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While government continues to make the tax code seemingly impossible for the average citizen to understand, homeowners continue to discover how to manipulate exemptions and deductions to leverage their home investment. One 2007 tax law change, that I’ll bet few take advantage of is the catastrophe savings account deduction.
Kiawah and Seabrook residents are all too familiar with the outrageous expense of homeowners insurance (sometimes not even available), earthquake insurance, flood insurance, and wind and hail insurance. Many of my neighbors on Seabrook are surely “flying naked”, (no insurance) as a result of this enormous expense and difficulty to find a reasonable underwriter.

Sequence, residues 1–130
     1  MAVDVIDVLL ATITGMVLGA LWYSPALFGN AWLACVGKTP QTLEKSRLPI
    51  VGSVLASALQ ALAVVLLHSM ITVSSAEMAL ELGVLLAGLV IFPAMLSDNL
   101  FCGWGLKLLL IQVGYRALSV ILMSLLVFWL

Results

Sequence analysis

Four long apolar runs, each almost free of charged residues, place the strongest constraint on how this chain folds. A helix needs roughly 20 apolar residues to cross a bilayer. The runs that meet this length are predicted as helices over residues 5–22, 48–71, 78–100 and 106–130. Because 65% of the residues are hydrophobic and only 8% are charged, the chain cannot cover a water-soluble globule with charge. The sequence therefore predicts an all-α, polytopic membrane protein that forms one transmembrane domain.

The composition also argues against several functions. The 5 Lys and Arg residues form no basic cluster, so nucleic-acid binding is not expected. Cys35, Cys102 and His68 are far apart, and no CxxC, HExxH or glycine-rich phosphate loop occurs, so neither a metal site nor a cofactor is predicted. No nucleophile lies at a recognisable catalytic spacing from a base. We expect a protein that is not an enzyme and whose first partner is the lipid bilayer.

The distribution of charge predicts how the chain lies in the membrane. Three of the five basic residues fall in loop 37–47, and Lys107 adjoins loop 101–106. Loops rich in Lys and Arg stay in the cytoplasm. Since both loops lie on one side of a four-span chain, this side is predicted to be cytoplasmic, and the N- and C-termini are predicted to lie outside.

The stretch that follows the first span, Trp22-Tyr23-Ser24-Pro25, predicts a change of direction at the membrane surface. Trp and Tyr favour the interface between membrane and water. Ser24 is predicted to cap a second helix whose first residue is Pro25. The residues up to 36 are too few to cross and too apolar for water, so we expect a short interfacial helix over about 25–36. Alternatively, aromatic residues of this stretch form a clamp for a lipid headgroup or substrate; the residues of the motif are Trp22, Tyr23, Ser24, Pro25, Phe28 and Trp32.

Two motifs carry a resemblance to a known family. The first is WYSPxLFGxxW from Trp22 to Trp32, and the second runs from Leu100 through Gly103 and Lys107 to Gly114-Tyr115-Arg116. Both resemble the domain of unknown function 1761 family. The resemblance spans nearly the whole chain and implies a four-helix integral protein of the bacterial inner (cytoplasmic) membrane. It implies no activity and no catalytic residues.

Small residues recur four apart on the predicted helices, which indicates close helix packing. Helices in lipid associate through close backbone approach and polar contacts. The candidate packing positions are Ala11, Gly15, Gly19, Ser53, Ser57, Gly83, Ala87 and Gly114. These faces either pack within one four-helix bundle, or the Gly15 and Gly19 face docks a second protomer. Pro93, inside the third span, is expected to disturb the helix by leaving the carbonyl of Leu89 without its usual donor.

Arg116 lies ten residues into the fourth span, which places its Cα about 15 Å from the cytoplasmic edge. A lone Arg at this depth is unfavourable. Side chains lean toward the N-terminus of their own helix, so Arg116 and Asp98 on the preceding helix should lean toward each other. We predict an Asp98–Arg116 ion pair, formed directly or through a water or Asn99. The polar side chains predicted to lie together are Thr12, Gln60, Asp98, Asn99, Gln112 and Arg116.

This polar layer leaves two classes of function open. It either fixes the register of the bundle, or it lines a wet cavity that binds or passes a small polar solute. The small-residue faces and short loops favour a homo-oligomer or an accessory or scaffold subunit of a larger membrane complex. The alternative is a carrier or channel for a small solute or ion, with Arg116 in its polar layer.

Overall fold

Under this never publicized tax deduction is the ability for homeowners to set aside money, intended to cover the insurance deductible, in a saving account and take a tax deduction in that amount. Insured homeowners can deduct up to their deductible amount or $15,000, whichever comes first. The vaguely written code only requires that you label the account catastrophe fund to be eligible. If you use it for insurance expenses or leave it there until you’re seventy- (or dead) it’s not taxable! And for those with no insurance- you can set aside up to $250,000 and get a deduction.
This is a great benefit to outer island homeowners. I am always reminded of the impending damage potential of living so close to the ocean, when my children and I take our sunset walks to the beach on the golf cart path of Fairway One and one of my neighbors keeps his storm shutters in the back of his house hung all year round. I always wonder… Why does that guy impede his view of the ocean course with those bulky storm shutters?? But I’ll bet he remembers what happened in 1989.
I don’t recommend that everyone should be “that guy”, but good insurance is a must. The next hurricane is eventually inevitable and this tax break is a really smart option for local homeowners. - Shawn Pillion